Navigating the web for dummies
Today, if you don’t have a Facebook account, people assume they will never see you again. We live in a world where our friendships are logged into a system, our pictures circulate freely and we share things constantly. To many people - maybe even you - this seems scary, confusing and quite simply, weird.
Why do people need to share everything all the time? What happened to good, old-fashioned conversation? Is real social interaction dead??
This post will attempt to answer all of these questions and maybe help you navigate the Internet with a little more certainty and less skepticism.
First of all, the Internet is primarily a source of information. Whereas people used to go to books for answers, people now tend to go to Google. It only takes a second and all the information you need is at your fingertips! If you use it smartly and avoid certain traps you’ll be sure to obtain the reliable information you were looking for. Here are some tips:
- Only use reputable websites. Wikipedia is good for little fun facts, but never use it to look up lengthy amounts of information. Chances are, there will be mistakes in the article. Sites ending in .gov or .org are most reliable.
- Stay away from hearsay! Just because you are online doesn’t mean rumors don’t exist. People like to write things that are false in the hope that they will spread. Last year, a rumor broke out claiming Jay Z and Beyoncé were buying the rights to the confederate flag in order to ban it. Of course, amid the controversy over the flag, it spread like wildfire over Facebook, Twitter, Tumblr and other platforms, but fact checkers quickly proved it to be false. Just like in the real world - evaluate all the angles of the story and don’t keep spreading it until you know it’s true! (Luckily for you, it just got easier to fact check!)
- Engage in social media! Not everybody likes the same platforms, but there surely is one for everyone. Facebook is an amazing way to stay in touch with old friends. It is also a great way to share articles, (such as this one) pictures and messages. Your friends are likely to share things that you will want to read. Even if you don’t necessarily agree with them, exposing yourself to different points of view is a great way to expand your way of thinking. And now, instead of buying The New York Times everyday, it is just one click away. Twitter is a good way to gather information very quickly. The posts are short, to the point and clear. And If you are more easily visually stimulated, Instagram ans Snapchat are perfect for you. Find what suits you and cultivate it. Soon enough you’ll be liking the Internet a lot more than you used to!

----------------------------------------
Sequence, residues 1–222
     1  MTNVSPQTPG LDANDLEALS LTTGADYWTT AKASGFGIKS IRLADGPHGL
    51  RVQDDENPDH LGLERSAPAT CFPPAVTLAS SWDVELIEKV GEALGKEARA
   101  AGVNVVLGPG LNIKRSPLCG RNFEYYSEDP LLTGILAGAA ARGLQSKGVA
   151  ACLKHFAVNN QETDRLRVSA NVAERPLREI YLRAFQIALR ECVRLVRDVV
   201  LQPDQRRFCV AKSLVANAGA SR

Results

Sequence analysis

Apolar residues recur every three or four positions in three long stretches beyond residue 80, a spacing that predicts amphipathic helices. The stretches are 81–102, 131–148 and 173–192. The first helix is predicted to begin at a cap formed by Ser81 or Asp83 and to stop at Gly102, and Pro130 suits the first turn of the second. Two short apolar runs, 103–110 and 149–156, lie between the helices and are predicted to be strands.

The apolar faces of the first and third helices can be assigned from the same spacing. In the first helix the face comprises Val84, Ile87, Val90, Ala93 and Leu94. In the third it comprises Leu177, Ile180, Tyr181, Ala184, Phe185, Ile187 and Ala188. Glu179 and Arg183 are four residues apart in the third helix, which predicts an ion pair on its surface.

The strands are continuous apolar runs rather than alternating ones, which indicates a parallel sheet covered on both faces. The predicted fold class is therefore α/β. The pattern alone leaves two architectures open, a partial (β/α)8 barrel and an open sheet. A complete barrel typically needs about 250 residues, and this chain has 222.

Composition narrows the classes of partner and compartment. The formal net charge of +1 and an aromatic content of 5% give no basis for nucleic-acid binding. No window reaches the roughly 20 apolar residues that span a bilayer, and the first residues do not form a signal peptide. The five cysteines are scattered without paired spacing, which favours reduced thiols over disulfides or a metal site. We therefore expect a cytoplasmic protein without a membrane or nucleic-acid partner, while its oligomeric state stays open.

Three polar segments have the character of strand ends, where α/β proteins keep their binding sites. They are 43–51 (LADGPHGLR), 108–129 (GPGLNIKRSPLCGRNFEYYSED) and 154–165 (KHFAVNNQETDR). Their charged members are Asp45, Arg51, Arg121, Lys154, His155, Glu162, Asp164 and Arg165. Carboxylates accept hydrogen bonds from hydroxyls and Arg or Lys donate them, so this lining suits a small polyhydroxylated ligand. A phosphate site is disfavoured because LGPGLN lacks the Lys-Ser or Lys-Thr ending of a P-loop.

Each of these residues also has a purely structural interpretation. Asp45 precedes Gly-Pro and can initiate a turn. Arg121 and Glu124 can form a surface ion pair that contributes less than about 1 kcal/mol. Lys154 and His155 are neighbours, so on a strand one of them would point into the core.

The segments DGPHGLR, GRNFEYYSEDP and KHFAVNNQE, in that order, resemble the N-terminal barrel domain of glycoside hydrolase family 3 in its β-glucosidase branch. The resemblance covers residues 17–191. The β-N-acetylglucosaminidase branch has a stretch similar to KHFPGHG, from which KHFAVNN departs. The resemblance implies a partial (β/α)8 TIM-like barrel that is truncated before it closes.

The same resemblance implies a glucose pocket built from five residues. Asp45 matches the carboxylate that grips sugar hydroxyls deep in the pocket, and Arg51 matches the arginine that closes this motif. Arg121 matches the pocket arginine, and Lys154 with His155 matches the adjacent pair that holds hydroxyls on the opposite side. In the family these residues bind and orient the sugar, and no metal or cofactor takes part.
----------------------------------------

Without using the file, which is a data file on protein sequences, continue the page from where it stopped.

That being said, here are a few more things you should know about. Social media engagement does not necessarily reflect how much people are engaged in an issue. Online publications have noticed people sometimes tend to share content they don’t seem to have actually read. NPR pranked its readers to see if this theory held up. Turns out, just because people share or comment on a story on social media, doesn’t mean they read it.
People’s attention spans have shortened tremendously, making it harder and harder for publications to maintain the reader’s focus. Even goldfish are captivated longer. As a matter of fact, I probably lost most of my readers by now. If you’re still here, thank you and keep going!
Online publications have had to change the way they present their content. Outlets like Buzzfeed have sprung up and capitalized on this. By posting articles in the form of lists, with pictures and GIFs, they are managing to keep people interested for longer periods of time.
This infographic by Wyzowl highlights the main statistics most web-users face today and the new problems marketers have to deal with. People gravitate more toward entertainment than hard news.
Now, increasingly, instead of text, people find it easier to retain information through images and videos. Journalists are finding themselves forced to develop skills in all mediums - along with good writing, go strong photographs and short documentaries. The variety of ways in which news is delivered has become crucial since the rise of the Internet. In short - the web means more work, more tricks and much more stimulating content.
Navigating the web today has become second nature for most people. We reach for our phone as soon as we have a question, without even trying to think about it. In many ways, the Internet is a blessing. Far away places have become easily accessible, new information is being shared by millions of people every day, and each person has the opportunity to learn about virtually any topic, but it is also our responsibility to regulate what we consume. Do we need to check social media as much as we do? Can we no longer read long articles? We, as readers and web users, must learn to focus our attention on things that matter and continue using it as a tool for change without letting it change us too much.
In short - use the web to learn and discover. Be cautious, not gullible, and share things that you believe your friends should know about that will expand their way of thinking. Be smart about it, and if you actually got this far down in this post, congratulate yourself because you are off to a great start!